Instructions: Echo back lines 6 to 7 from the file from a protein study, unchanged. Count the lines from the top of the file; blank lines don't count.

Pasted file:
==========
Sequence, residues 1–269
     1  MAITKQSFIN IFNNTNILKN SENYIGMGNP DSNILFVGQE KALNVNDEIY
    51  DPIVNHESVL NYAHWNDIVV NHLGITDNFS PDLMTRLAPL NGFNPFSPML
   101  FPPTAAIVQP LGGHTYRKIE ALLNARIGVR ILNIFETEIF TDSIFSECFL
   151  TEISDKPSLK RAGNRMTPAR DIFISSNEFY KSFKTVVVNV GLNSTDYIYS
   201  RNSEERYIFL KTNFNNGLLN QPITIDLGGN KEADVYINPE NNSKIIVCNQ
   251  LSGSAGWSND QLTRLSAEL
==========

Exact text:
   201  RNSEERYIFL KTNFNNGLLN QPITIDLGGN KEADVYINPE NNSKIIVCNQ
   251  LSGSAGWSND QLTRLSAEL